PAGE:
Hodge, N., Rice, E.J., & Reidy, L. (2019). 'They're told all the time they're different': how educators understand development of sense of self for autistic pupils. Disability and Society. http://doi.org/10.1080/09687599.2019.1594700
Hodge, N., & Wolstenholme, C. (2016). 'I didn't stand a chance': how parents experience the exclusions appeal tribunal. International Journal of Inclusive Education, 20 (12), 1297-1309. http://doi.org/10.1080/13603116.2016.1168875
Hodge, N. (2015). Protecting the rights of pupils with autism when meeting thechallenge of behaviour. British Journal Of Learning Disabilities, 43 (3), 194-200. http://doi.org/10.1111/bld.12096
Hodge, N., & Runswick-Cole, K. (2013). 'They never pass me the ball': Exposing ableism through the leisure experiences of disabled children, young people and their families. Children's Geographies, 11 (3), 311-325. http://doi.org/10.1080/14733285.2013.812275
Checkley, R., Reidy, L., Chantler, S., Hodge, N., & Holmes, K. (2012). “Black white zebra orange orange”: How children with autism make use of computer-based voice output communication aids in their language and communication at school. Journal of Assistive Technologies, 6 (4), 245-258. http://doi.org/10.1108/17549451211285744
Checkley, R., Hodge, N., Chantler, S., Reidy, L., & Holmes, K. (2010). What children on the autism spectrum have to ‘say’ about using high-tech voice output communication aids (VOCAs) in an educational setting. Journal of Assistive Technologies, 4 (1), 25-37. http://doi.org/10.5042/jat.2010.0042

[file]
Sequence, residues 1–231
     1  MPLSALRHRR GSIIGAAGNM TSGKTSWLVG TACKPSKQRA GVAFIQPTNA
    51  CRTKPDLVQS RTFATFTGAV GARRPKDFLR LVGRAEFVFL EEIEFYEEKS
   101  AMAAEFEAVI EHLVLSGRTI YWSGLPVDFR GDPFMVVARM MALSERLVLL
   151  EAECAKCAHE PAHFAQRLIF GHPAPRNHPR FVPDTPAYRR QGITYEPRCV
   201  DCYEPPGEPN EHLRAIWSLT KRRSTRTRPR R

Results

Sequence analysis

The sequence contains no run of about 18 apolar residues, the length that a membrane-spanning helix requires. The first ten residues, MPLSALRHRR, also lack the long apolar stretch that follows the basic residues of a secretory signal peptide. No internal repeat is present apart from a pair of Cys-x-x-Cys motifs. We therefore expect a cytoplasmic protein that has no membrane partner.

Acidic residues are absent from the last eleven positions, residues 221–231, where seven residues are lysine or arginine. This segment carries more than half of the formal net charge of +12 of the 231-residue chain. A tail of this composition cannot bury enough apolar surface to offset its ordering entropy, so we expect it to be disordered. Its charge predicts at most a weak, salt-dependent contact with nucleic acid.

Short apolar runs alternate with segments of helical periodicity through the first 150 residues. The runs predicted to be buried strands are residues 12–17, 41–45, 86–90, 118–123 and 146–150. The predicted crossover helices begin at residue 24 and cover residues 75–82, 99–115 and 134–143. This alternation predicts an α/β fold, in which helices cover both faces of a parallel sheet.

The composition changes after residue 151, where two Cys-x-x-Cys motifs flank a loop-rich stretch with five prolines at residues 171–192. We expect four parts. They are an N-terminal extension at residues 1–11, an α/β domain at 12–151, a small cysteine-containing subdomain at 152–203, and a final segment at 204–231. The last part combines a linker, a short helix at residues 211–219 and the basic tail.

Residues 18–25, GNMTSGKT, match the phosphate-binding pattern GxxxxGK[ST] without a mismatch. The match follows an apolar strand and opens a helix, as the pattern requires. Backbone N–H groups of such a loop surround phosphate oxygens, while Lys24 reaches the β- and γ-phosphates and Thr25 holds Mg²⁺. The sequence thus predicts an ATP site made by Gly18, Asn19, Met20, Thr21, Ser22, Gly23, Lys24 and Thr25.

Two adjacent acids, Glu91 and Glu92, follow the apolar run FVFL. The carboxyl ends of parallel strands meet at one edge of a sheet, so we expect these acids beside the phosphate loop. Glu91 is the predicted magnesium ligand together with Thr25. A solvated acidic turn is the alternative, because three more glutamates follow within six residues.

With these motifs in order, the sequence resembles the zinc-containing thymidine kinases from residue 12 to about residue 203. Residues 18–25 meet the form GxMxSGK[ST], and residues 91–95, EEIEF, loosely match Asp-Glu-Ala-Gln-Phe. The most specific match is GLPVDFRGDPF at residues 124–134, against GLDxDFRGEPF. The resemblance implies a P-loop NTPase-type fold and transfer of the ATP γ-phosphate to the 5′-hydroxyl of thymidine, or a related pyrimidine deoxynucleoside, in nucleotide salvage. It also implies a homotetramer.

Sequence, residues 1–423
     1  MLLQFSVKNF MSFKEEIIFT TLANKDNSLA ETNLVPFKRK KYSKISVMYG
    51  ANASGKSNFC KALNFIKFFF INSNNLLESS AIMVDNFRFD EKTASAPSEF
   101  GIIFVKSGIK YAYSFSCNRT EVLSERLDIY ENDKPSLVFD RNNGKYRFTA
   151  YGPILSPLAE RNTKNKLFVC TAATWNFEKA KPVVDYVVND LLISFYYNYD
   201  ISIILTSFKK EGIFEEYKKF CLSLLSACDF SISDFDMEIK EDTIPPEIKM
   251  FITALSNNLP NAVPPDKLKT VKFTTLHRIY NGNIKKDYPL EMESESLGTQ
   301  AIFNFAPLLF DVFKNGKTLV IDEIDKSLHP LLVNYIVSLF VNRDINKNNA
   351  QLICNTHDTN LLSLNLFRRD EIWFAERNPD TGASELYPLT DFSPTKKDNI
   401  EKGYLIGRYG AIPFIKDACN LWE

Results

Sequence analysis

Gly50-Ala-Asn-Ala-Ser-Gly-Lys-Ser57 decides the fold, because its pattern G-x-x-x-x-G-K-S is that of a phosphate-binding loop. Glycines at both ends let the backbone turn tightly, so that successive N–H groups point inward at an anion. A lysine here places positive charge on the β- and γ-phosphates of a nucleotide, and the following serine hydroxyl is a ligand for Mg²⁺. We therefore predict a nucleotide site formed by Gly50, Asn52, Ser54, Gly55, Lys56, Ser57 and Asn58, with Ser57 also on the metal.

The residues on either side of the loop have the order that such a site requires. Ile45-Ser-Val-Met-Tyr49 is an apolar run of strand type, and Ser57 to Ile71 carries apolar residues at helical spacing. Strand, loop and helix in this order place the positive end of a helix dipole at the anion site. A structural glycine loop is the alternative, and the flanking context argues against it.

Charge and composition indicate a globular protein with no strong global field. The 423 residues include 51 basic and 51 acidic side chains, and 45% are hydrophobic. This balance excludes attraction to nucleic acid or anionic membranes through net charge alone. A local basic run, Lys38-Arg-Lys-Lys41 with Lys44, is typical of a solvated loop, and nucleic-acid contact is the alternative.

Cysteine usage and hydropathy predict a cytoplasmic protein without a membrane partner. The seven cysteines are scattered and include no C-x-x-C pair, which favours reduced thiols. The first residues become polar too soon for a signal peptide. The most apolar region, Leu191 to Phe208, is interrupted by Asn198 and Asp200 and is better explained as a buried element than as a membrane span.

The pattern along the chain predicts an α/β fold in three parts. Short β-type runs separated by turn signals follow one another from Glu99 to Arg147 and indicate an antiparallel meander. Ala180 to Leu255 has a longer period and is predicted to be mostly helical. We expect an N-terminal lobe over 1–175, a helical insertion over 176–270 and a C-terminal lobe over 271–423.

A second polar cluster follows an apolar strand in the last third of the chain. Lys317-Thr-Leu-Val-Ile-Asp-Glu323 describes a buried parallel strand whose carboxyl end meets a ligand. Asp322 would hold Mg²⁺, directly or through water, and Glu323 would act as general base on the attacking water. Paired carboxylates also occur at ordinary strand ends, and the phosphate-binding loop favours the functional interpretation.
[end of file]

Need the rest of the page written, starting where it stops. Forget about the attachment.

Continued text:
Hodge, N., & Chantler, S. (2010). It’s not what you do; it’s the way that you question:that’s what gets results. Support For Learning, 25 (1), 11-14. http://doi.org/10.1111/j.1467-9604.2009.01433.x
Runswick-Cole, K., & Hodge, N. (2009). Needs or rights? A challenge to the discourse of special education. British Journal Of Special Education, 36 (4), 198-203. http://doi.org/10.1111/j.1467-8578.2009.00438.x
Hodge, N., & Runswick-Cole, K. (2008). Problematising parent–professional partnerships in education. Disability & Society, 23 (6), 637-647. http://doi.org/10.1080/09687590802328543
Nixon, J., Hodge, N.S., Parr, S., Willis, B., & Hunter, C. (2008). Anti social behaviour and disability in the UK. People, place & policy online, 2 (1), 37-47. http://doi.org/10.3351/ppp.0002.0001.0005
Hodge, N. (2008). Evaluating Lifeworld as an emancipatory methodology. Disability & Society, 23 (1), 29-40. http://doi.org/10.1080/09687590701725575